What is in this article?:
- Congress leaves for recess with work left hanging
- Delay costing U.S. growers
- When Congress returns from recess one of the first items needing to be addressed is the appropriations process.
- Of equal importance to the wheat industry and other agricultural groups, Congress also did not act on three pending free trade agreements, with Colombia, Panama and South Korea, before leaving town.
- Another key priority that remains pending is H.R. 872, a bill that would eliminate a coming bureaucratic boondoggle when a court ruling goes into effect requiring additional permitting for each pesticide application, even if done in compliance with existing law.
Members of both Chambers of Congress have headed home for a four-week August recess, leaving behind a raft of priorities to be addressed when they return after Labor Day.
First and foremost is the appropriations process. The federal government’s fiscal year ends Sept. 30, after which new appropriations bills or a continuing resolution will be needed to fund federal programs.
At this point, the House has passed a budget resolution — albeit one that is unacceptable to the Senate — and six of 12 appropriations bills, including the agriculture measure.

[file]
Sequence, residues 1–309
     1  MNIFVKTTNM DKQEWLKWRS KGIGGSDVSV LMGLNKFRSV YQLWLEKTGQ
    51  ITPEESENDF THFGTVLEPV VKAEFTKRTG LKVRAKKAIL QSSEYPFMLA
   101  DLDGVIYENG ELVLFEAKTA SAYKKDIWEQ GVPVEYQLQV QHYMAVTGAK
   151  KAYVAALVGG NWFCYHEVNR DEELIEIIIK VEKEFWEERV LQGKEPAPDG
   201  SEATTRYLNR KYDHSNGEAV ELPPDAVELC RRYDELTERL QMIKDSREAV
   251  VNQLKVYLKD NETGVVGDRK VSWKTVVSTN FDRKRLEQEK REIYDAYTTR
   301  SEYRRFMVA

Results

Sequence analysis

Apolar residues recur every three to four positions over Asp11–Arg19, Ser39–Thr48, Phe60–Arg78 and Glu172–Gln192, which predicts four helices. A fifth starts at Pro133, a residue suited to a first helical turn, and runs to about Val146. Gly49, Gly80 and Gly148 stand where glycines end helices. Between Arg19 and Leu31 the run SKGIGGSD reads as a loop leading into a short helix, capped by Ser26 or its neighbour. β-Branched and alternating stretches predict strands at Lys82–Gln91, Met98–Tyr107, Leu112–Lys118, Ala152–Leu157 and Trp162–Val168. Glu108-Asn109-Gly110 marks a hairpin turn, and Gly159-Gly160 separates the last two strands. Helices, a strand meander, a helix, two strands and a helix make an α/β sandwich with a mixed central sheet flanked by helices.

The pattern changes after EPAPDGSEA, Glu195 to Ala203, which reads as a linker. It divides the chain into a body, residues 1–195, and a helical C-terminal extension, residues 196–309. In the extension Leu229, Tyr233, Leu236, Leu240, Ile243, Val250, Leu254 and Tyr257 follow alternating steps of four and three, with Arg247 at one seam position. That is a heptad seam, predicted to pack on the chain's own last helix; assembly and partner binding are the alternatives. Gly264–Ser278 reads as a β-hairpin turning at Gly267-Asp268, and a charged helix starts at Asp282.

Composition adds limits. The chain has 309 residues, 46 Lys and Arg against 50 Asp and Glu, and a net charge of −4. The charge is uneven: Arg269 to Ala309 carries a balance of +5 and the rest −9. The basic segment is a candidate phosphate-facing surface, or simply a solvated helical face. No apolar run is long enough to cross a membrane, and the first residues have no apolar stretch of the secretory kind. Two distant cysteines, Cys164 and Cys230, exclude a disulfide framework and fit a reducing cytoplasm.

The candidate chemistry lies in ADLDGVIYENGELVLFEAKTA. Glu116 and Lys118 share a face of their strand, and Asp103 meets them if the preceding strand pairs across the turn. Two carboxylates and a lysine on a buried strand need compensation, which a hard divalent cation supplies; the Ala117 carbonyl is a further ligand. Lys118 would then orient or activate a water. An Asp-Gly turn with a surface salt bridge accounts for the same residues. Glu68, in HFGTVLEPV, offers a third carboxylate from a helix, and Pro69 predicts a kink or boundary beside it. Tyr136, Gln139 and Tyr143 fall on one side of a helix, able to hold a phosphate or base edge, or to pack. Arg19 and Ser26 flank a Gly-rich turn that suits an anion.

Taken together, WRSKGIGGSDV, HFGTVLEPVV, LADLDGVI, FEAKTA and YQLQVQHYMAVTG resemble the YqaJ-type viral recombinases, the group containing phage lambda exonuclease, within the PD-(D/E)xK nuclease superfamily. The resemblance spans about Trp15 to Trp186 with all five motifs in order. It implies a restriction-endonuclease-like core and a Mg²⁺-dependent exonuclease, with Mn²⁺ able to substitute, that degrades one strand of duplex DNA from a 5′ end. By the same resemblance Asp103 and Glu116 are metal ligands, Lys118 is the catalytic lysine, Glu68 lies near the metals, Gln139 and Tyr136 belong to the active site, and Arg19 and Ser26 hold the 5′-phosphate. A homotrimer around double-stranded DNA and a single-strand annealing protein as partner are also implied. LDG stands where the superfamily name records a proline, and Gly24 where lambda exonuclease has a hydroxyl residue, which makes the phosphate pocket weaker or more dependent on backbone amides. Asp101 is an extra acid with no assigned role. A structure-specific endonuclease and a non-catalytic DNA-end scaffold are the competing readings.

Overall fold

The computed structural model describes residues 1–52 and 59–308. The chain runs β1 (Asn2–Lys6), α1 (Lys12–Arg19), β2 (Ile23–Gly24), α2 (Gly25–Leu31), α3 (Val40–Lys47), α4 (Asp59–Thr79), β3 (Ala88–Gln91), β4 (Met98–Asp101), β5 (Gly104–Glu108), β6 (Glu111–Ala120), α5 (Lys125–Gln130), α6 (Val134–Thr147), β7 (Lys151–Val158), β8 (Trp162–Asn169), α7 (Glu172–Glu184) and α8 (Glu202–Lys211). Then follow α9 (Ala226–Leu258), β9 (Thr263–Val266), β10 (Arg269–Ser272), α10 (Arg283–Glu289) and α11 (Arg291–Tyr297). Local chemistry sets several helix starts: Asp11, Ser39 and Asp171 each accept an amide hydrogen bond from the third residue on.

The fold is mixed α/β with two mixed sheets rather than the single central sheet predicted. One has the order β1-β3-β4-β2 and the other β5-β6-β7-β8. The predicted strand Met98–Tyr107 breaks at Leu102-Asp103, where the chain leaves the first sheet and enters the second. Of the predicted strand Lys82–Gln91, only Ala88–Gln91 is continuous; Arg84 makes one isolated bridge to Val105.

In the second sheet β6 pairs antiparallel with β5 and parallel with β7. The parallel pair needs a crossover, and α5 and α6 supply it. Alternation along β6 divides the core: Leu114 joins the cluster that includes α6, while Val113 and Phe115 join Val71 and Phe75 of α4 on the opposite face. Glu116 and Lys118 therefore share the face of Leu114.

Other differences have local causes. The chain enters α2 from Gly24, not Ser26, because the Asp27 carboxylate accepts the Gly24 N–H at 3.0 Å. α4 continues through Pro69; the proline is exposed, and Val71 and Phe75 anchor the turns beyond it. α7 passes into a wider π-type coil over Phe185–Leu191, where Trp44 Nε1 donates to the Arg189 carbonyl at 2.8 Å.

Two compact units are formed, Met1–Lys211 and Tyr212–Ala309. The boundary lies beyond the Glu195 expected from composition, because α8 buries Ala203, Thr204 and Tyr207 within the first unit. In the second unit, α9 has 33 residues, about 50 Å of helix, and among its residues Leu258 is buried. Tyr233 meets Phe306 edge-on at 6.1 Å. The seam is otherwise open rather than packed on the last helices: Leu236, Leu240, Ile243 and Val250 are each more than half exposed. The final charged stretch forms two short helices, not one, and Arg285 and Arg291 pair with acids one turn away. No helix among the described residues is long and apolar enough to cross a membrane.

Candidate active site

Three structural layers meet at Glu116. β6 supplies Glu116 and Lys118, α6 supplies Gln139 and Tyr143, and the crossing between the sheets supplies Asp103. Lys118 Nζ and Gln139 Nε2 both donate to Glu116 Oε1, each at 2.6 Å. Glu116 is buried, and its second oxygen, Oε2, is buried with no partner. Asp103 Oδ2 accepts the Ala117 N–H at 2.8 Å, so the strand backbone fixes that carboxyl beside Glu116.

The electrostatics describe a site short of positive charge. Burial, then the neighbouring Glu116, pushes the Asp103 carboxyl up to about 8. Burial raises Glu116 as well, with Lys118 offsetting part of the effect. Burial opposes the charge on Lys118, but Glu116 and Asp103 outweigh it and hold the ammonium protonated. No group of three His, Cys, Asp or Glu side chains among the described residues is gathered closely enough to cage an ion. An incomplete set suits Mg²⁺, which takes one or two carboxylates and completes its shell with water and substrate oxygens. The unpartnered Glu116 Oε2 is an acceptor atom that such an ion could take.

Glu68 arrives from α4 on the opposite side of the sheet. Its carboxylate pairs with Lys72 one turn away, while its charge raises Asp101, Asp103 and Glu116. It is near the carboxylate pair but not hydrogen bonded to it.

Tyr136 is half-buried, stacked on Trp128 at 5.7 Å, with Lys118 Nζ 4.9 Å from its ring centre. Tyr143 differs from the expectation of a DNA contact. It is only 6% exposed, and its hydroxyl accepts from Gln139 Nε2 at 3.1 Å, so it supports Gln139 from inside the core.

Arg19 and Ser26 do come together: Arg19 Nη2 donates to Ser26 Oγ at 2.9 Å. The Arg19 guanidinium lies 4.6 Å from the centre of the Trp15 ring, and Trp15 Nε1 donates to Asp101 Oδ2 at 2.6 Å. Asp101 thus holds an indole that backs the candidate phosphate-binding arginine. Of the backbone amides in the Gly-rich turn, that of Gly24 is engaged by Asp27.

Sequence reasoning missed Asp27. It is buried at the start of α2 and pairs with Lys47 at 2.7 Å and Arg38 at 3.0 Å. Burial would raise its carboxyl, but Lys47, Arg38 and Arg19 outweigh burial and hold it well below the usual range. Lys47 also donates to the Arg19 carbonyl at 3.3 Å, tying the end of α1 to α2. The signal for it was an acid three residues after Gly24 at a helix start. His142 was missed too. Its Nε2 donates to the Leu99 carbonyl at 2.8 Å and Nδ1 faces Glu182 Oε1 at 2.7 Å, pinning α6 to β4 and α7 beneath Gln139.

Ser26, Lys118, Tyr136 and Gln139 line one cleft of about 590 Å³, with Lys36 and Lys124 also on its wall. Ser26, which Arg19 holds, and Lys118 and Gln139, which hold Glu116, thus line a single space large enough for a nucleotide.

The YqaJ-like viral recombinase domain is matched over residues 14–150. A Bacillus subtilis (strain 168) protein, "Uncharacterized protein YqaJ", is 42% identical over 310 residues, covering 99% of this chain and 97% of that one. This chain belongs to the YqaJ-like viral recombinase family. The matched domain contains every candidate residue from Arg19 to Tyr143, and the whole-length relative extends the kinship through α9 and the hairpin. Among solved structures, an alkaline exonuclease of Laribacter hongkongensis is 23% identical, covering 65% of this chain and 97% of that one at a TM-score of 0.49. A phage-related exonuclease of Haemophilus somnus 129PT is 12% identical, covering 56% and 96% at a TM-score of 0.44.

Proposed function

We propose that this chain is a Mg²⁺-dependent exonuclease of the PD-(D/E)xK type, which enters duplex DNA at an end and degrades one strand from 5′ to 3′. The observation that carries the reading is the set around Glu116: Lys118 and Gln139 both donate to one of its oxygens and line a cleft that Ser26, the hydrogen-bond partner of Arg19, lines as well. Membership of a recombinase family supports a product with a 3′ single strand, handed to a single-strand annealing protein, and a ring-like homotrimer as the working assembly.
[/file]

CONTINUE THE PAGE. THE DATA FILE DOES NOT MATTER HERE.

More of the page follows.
The Senate has yet to pass a budget resolution to initiate the appropriations process.
The process going forward and the final product could heavily depend on the debt ceiling deal, which outlines cuts to FY2012 discretionary programs. The specifics of those cuts are as-of-yet unclear, as are the implications of the soon-to-come super committee negotiations.
Of equal importance to the wheat industry and other agricultural groups, Congress also did not act on three pending free trade agreements, with Colombia, Panama and South Korea, before leaving town.
Though there is widespread support for finalizing the deals — which were inked up to four years ago — the Administration and some in Congress itself have tussled over whether or not trade adjustment assistance (TAA), which provides aid for workers affected by new trade deals, should be passed along with the agreements.
Senate Majority Leader Harry Reid (D-Nev.) said he and his Republican counterpart, Minority Leader Mitch McConnell (R-Ky.), have agreed on a path forward for both TAA and the agreements after the August recess.